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Accountable Leaders are in Short Supply Sometimes!

We crave accountable leaders!

High-performing teams depend on agreed standards of accountability, which in simple terms mean responsible behaviours. Accountable leaders make themselves fully accountable for their team’s success or miss. On an individual level, it’s about owning our personal and professional growth.

If accountable leaders promote a sense of trust, employee commitment, and a happy workplace, then what is the implication when leaders lack accountability?

This sounds simple enough, but how does accountable leadership work in practice? And does it work the same way in the public sector as it does in the private sector?

A lack of accountable leaders leads to…

The age-old problem of low trust, team morale, employee engagement, and of course poor performance. The root cause of many of these leadership issues stems from inconsistent or ineffective communication. Accountable leaders communicate meaningfully, and do so through two specific attributes:

  1. Clarity of the message/idea/concept
  2. Clearly defining the outcome (i.e.: what success looks like)

Shedding light in this manner also clarifies priorities, minimizing confusion around what we are being held accountable for (or to).  

Communication designed to connect, really connect, with individuals is equally important within accountable leaders. Career altitudes are set by how well we understand and work within the business’ culture. In other words, our relationship-building skills can amplify or derail our future success.

We see the fallout effects from unaccountable leaders in governments, professional sports teams, and companies alike. It’s swift and visible! Members of parliament vote against their own party, cross the floor to join the opposition party or the public undertakes large demonstrations against a government decision or its inertia. Within a sports team when the captain fails to align players towards a common game strategy. In business, cultures that lack accountable leaders manifest quickly in Glassdoor ratings, demoralized employees, and talent leaving the organization.

So, what skills produce accountable leaders?

The accountable leader playbook

A few vital core skills make up the playbook:

  1. Communication
  2. Take responsibility 
  3. Give constructive feedback
  4. Adopt a “we” mindset
  5. Promote a problem-solving culture
  6. Use meeting times effectively

Looking more closely at the first four core skills.

Communication in this context is about ensuring that decisions are clear, plans align with decisions, and are understandable. Through this clarity, the team knows what they need to do, how they will be measured, and what information is expected of them along the way. Accountable leaders take responsibility when outcomes fall short, deal with non-performing individuals quickly and share successes when the team delivers.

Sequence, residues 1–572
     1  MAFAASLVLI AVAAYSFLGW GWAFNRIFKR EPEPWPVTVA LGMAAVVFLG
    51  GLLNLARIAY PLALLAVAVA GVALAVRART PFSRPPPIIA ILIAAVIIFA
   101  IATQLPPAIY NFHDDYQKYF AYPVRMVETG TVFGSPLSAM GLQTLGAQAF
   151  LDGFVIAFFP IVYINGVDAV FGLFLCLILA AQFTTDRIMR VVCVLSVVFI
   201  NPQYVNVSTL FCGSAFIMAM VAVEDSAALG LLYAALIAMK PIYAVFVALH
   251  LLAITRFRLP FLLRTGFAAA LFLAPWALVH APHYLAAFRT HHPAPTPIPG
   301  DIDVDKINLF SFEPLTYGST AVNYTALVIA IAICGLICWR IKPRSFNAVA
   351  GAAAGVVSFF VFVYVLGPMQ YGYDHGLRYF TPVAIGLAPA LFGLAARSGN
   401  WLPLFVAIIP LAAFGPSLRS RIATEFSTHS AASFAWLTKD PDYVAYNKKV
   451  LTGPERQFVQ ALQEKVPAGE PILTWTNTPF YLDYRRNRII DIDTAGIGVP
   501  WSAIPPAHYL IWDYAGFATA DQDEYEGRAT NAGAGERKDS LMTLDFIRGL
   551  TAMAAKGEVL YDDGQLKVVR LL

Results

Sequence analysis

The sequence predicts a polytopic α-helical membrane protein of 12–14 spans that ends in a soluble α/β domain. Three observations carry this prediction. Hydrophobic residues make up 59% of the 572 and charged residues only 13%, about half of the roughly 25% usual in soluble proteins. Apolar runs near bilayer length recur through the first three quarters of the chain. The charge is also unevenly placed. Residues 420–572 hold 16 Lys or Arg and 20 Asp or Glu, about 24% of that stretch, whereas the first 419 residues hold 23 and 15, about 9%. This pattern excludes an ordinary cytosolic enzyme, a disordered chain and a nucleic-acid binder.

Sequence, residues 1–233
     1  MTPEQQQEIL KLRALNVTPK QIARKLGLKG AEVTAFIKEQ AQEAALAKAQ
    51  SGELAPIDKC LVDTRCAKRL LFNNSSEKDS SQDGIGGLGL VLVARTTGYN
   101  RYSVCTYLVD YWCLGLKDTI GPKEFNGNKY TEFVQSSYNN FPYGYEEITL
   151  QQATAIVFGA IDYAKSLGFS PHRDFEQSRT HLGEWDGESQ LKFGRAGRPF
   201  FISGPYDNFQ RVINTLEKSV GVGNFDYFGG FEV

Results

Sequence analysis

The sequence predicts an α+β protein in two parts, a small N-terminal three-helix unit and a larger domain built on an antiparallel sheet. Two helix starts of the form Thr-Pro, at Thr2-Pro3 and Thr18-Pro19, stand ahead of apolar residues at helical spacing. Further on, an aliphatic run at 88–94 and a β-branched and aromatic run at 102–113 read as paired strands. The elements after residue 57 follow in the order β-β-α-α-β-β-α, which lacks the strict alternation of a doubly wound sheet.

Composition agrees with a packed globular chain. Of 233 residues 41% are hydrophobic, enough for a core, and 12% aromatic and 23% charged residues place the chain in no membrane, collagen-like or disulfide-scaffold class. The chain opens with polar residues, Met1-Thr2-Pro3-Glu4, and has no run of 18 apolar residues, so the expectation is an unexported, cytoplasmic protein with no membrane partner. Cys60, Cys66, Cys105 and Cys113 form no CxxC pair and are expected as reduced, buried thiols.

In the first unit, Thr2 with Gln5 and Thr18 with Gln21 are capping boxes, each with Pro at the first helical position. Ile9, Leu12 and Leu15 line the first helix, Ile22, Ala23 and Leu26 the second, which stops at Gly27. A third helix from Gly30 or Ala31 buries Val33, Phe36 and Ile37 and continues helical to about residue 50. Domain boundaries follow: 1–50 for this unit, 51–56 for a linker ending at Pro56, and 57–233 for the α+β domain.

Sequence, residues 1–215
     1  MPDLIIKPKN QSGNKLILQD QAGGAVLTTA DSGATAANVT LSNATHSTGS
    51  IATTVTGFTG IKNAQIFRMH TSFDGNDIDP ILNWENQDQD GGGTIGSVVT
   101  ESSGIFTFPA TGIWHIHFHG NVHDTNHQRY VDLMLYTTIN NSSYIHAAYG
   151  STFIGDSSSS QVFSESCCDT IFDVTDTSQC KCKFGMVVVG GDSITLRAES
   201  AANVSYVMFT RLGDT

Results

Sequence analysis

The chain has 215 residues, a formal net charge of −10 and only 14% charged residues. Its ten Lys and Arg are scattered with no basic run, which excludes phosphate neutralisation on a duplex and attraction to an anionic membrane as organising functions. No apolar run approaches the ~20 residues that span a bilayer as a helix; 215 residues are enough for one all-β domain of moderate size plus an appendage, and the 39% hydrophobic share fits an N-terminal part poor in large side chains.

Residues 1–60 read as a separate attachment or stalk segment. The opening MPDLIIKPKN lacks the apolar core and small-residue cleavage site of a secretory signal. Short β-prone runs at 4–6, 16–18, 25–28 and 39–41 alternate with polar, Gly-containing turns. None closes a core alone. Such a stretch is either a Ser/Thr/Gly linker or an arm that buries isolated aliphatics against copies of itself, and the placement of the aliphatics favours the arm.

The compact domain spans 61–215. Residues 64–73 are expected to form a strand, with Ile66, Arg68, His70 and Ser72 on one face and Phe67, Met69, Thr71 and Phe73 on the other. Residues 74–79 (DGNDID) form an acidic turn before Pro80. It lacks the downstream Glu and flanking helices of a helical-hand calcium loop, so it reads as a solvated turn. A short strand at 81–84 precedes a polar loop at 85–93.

Responsibility is taking ownership of the decisions we make. Making good decisions is about aligning the who, the what, and the by when with the stakeholders impacted. It is also about reviewing the impact of decisions made and adapting based on what we learn. When these essentials are in place, effective leaders increase their chances of successful outcomes. 

Constructive feedback is an important continuous loop throughout each stage of work. This is because we can always do something better, where the idea of continuous improvement is the epitome of accountable leadership. Keep trying until it is as perfect as it can be. Feedback is not something that should wait until there is a problem – it is most effective when it is iterative. 

Adopting a “we” mindset is aligned with creating trust. With trust, we can build a team where members follow because they feel a sense of shared accountability. A command-and-control style of leadership (sometimes referred to as an authoritarian style) does not generally produce positive outcomes. Leaders need to strive to promote a positive style that “makes” team members feel a sense of responsibility – this is accelerated when leaders refer to “we” instead of “I”. 

Final Thoughts

We crave accountable leaders in all facets of our lives, from public to private. Good leaders, as individuals and team leaders, recognize the importance of accountability. They act to both be accountable and hold their team(s) accountable. An effective leader will never look to blame someone else, they hold themselves fully accountable for the team’s successes and misses. Are you leading by example and adequately holding yourself accountable?

Your turn

Sign in to the Community Member Area or comment below to share your views on how you promote accountable leadership – as a team leader and an individual. 

Give it a try!

Cartoon Credit: Leo Cullum

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